Edwardstone never happy in the Queen Mother Chase
Maybe we should blame ‘The Ides of March’ (in 44 BC, March 15 became notorious as the date of the assassination of Julius Caesar), but, in view of the fact that horses cannot talk, we are still somewhat bemused why our beloved Edwardstone “never turned up” in the Queen Mother Champion Chase, the highlight of day two at this year’s Cheltenham Festival.
Edwardstone has been a superstar for his owner-breeders, Robert Avery and Ian Thurtle, and he owes us nothing, but, surprisingly, the writing was on the wall after they had jumped just two fences.
From thereon, he was just making up the numbers, so, while doubtless Alan will have Edwardstone tested when he returns to Barbury, maybe the man on top, Tom Cannon, was best qualified to provide us with an early post-mortem.
Alan had made no secret of the fact that, while soft ground was fine for Edwardstone, he was praying no more rain would fall to make underfoot conditions even more testing than they were on day one,
Tom said:”Maybe it was the ground, but it was certainly not Edwardstone’s day. He is sometimes a bit cold over his early fences, but he usually warms up. Not this time, however, and I was hanging on to nothing at the top of the hill.”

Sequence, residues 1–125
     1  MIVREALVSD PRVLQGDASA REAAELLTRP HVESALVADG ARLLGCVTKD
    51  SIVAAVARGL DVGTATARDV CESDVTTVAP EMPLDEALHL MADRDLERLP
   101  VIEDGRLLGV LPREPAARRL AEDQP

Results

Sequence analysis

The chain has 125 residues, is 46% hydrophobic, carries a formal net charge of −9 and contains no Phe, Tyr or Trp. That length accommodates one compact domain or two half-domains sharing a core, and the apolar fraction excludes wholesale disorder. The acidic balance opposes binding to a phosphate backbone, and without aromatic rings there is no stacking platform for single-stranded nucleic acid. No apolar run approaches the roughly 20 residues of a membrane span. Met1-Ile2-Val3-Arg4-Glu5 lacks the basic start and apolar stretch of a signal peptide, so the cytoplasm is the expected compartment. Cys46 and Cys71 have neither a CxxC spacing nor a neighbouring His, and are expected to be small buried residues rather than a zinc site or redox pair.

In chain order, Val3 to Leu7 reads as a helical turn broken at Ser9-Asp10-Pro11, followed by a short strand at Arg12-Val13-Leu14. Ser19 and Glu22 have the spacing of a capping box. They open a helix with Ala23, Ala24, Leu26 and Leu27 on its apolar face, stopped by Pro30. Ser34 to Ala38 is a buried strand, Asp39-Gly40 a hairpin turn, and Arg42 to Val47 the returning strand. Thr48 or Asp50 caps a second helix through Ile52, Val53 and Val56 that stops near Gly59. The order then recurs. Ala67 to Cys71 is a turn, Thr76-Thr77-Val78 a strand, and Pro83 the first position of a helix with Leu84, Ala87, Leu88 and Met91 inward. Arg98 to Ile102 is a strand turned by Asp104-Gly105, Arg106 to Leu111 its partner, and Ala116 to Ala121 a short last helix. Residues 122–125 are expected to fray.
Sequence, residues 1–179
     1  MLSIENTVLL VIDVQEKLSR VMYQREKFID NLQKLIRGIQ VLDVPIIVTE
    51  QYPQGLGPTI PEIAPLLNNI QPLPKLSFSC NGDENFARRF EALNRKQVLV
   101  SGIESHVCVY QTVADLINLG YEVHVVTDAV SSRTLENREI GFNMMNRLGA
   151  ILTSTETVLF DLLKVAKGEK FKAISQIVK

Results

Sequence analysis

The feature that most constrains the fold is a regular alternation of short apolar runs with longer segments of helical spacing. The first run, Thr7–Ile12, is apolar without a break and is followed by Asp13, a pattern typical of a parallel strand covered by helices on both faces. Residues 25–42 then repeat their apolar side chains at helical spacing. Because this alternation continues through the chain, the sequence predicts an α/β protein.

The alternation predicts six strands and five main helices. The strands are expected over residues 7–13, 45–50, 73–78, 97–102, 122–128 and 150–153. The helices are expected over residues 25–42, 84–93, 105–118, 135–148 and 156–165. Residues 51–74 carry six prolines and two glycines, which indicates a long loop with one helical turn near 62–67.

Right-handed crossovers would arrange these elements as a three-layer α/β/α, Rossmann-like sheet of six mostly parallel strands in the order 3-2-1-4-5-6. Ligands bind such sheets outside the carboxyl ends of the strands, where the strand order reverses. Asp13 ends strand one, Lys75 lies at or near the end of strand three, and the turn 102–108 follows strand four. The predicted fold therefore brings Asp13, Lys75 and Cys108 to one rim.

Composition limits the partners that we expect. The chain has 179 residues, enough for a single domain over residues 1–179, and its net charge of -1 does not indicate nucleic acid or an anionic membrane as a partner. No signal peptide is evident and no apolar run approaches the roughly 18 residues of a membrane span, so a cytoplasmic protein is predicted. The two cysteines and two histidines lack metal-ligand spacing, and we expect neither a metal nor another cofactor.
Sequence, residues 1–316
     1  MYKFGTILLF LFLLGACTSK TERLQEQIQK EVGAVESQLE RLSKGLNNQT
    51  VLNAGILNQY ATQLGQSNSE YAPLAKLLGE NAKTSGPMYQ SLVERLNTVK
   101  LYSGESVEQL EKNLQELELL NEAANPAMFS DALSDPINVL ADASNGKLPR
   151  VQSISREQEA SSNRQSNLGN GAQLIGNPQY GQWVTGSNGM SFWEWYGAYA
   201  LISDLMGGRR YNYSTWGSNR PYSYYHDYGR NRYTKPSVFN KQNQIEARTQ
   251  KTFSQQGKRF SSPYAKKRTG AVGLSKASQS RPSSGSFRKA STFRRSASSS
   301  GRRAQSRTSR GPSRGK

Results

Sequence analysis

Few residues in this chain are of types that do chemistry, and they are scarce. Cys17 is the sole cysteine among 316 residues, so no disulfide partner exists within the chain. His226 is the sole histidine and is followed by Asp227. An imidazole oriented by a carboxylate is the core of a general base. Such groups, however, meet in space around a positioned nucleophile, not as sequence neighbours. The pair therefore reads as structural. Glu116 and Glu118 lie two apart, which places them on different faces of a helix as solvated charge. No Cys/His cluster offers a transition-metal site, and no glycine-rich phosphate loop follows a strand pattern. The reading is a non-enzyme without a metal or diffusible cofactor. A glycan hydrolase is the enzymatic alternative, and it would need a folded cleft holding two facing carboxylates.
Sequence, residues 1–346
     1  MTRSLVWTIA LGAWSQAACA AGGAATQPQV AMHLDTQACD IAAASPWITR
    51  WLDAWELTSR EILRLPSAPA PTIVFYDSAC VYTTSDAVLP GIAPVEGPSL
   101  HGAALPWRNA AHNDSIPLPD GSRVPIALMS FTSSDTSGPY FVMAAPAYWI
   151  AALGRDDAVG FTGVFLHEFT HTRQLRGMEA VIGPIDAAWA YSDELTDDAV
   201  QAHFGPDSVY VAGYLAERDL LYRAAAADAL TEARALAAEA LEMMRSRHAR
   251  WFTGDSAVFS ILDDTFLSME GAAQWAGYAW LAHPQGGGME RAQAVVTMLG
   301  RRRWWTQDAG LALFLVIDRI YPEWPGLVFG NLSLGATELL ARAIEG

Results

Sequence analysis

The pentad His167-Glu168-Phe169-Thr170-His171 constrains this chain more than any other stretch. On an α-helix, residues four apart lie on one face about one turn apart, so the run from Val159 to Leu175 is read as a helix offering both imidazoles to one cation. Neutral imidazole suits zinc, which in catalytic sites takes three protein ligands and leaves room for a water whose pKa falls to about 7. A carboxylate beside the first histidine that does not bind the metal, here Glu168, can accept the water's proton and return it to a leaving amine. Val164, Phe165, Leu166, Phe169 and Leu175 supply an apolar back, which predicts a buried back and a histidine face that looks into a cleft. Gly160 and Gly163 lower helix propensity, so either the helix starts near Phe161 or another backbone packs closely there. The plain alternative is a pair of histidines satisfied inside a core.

Alan was reluctant to blame the underfoot conditions, and he observed that “it wasn’t him, he was never going”.
Clearly at a loss to explain such an uncharacteristic performance from Edwardstone, who trailed in last, beaten 63 lengths by the winner, Energumene, whom he had beaten in the Clarence House Chase at Cheltenham last time, Alan added:”I have never been happier with a horse going into a big race. His preparation has been so smooth, and he has not missed a beat for the last month.
“I knew Edwardstone was not going to win anything after three fences. You think back to the Tingle Creek Chase at Sandown, where he tanked the whole way round, This is his first off-day in 24 races, and I am totally in the dark.”
This Grade 1 had been billed as the big shoot-out between Edwardstone and last year’s winner, Energumene, and, in our stable-star’s ‘absence’, it was straight-forward for the heavily backed Irish-trained 6-5 favourite.
Ridden more handily than in the Clarence House and in his element in the mudbath, Energumene scored a brilliant back-to-back success by 10 lengths in this prestigious race.